Back in 2005, when petrol prices were still hovering around ₹40 and when popcorn was still affordable at cinema halls, Rajinikanth’s Chandramukhi hit screens.While fans of the Malayalam original, Manichitrathazhu, cried hoarse, the Tamil audiences devoured it. They lapped up Vadivelu’s histronics, danced to ‘Devuda Devuda’ and watched Rajinikanth flick bubble gum and biscuit. ‘Enna Koduma Saravana’, a dialogue from the film, crept into everyday conversations. At Chennai’s Shanti Theatre, the film was screened for 888 days straight.
In 2023, a year when India has conquered the moon thanks to Chandrayaan-3, the moon-faced girl (Chandramukhi) makes a comeback. Director P Vasu is still at the helm of affairs, but Rajinikanth’s gone, and we get Raghava Lawrence instead. Thankfully, Vasu wastes no time to set things in context but jumps straight into the conflict that surrounds the film: a family has multiple problems and they’re wondering what to do about it. Their house is as lavish as the one we saw in Vijay’s Varisu earlier this year, but there are still issues: a learned man feels that it is because the family hadn’t visited their kuladeivam (ancestral temple) for a long time.
They decide to make a trip, and stay in a palace nearby – the one that featured prominently in the first installment – and the familiar beats of Chandramukhi are back. Enter Pandian (Raghava Lawrence), who gets one of the most incredulous opening sequences ever – one in which he rides a bike straight into a bus and comes back without a scratch, but clutching two children who were held hostage inside the vehicle by a few bad guys.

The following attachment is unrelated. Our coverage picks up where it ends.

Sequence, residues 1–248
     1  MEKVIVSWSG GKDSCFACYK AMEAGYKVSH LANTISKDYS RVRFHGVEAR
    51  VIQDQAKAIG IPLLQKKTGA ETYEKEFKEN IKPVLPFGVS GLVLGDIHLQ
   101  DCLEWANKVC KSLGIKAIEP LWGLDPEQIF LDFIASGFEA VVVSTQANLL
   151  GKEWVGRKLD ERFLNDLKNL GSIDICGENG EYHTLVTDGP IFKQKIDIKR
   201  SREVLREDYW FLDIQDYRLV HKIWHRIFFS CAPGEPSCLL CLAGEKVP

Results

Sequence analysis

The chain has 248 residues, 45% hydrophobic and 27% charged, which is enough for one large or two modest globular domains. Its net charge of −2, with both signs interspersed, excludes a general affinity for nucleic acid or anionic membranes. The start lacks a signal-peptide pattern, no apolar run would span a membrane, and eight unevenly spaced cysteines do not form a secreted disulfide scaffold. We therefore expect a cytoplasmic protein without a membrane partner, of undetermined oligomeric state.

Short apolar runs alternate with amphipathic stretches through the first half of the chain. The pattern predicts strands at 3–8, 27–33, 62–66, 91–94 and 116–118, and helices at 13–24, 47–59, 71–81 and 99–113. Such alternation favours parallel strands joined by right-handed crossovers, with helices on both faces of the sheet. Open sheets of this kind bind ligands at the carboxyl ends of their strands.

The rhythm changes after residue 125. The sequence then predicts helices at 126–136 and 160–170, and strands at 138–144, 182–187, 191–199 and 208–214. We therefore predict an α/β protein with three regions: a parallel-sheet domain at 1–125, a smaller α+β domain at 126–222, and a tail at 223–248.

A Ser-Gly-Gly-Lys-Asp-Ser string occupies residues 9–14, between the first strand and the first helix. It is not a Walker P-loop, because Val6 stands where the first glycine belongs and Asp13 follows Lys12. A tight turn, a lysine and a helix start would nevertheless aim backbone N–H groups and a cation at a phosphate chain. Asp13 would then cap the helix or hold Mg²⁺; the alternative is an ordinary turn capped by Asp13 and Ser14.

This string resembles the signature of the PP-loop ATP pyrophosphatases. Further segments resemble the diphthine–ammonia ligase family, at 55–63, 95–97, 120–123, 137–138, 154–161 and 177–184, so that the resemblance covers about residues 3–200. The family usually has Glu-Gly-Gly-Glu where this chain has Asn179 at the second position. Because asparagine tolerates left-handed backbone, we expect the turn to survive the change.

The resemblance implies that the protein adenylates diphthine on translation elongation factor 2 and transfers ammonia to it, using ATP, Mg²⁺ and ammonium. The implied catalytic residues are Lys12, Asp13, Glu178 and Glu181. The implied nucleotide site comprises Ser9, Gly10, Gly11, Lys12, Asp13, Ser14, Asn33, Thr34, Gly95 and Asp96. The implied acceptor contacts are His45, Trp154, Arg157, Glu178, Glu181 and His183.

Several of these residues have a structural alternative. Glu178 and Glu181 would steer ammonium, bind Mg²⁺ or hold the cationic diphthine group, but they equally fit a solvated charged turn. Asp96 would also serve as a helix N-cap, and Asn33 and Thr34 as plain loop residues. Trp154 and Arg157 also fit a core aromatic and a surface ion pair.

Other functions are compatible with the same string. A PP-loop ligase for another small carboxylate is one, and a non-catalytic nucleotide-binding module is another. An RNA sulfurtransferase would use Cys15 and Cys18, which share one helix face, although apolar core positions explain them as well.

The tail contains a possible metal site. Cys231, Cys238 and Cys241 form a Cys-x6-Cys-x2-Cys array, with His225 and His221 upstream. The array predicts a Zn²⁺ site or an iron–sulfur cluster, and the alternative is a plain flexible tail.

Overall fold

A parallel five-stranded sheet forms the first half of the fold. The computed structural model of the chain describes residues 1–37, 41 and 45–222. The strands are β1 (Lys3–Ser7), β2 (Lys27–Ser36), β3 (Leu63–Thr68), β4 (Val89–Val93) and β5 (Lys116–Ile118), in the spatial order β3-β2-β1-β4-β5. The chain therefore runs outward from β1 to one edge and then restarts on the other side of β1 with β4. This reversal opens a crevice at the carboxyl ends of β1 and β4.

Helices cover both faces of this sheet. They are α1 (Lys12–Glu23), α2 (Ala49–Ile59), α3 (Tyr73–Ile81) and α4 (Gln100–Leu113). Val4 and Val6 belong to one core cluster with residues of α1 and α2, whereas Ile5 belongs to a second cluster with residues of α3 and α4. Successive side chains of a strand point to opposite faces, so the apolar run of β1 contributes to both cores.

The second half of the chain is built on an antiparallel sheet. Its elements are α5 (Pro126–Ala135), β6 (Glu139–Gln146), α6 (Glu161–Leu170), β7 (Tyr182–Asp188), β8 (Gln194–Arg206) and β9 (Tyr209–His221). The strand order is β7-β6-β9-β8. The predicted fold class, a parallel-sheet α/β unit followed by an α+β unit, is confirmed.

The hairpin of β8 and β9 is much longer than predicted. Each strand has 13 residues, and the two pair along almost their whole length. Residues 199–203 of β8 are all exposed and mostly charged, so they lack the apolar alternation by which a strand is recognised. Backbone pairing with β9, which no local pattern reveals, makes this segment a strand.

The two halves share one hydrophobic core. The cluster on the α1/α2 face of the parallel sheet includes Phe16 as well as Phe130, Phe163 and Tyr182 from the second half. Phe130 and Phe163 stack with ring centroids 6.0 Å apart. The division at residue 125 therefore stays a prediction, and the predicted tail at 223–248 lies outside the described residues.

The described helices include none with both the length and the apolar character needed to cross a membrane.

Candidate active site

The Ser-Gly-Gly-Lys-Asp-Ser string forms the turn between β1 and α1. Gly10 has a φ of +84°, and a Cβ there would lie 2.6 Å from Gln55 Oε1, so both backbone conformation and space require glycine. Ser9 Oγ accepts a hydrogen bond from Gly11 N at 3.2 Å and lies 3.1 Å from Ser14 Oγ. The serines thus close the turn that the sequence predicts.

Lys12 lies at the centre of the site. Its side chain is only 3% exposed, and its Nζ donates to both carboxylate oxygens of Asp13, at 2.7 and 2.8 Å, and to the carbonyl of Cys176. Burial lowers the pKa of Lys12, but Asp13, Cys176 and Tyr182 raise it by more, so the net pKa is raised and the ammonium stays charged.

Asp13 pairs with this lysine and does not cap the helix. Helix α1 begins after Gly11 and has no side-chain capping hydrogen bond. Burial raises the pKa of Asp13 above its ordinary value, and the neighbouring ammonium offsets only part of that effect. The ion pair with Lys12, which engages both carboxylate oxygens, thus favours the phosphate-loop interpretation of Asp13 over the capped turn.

Pandian has a vague connection to the big, fat family in trouble, but he soon becomes a part of them, and jumps straight into problem-solving mode. While there are spooky elements inside the house, the temple they intend to visit has some sort of a curse. Can Pandian solve them?
Watch the film to find out, but, much like the 2005 original, this one too follows a template: scenes that have happiness and spookiness followed by each other. A dark moody ‘pei’ scene is followed by a scene bathed in light and happiness. Cold vibes change into happy times within a few minutes. It is refreshing to see Vadivelu being goofy all over again, especially after the sombre but impactful outing in the recent Maamannan. There are two sequences when he has lengthy conversations with Pandian that are bound to bring a smile to audiences who might have watched the 2005 original in theatres.
Chandramukhi 2 (Tamil)
Director: P Vasu
Cast: Raghava Lawrence, Kangana Ranaut, Vadivelu, Radhika Sarathkumar
Duration: 170 minutes
Storyline: The Vettaiyan v/s Chandramukhi battle resumes, with bigger stakes
Raghava Lawrence can dance, and be repeatedly proves it, in both fast numbers and slow folk numbers, but he contributes little with presence in the first half, other than trying out some Rajinikanth mannerisms. There’s also a lip sync problem, where there seems to be some sort of a delay between his dialogues and the performance. However, he more than makes up for it in the second half when he really comes alive, both in terms of body mannerisms and performance. Maybe he should just do more of this in future films too.
Kangana herself has little to do, except sing a few songs and indulge in a couple of dance sequences. Lakshmi Menon and Radhikaa do what’s expected from them in their portions. Director P Vasu, who also helmed the original, cleverly changes very little in the template that worked in the original. The music recreates the popular ‘RaRa’. Heck, even the windows where the now-popular ‘enna koduma saravana’ was delivered get featured, yet again. MM Keeravani music and sounds hark back to a different time; in this Anirudh-dominated soundscape of Tamil cinema, we could surely use more.
Despite the sense of superficiality and predictability about Chandramukhi 2, there is, atleast, a cocktail of things for audiences to take away. There’s thunderous music, entertaining ghosts and even historical war sequences…all this in a story that is basically just a modern rehash of the 2005 installment starring Rajinikanth.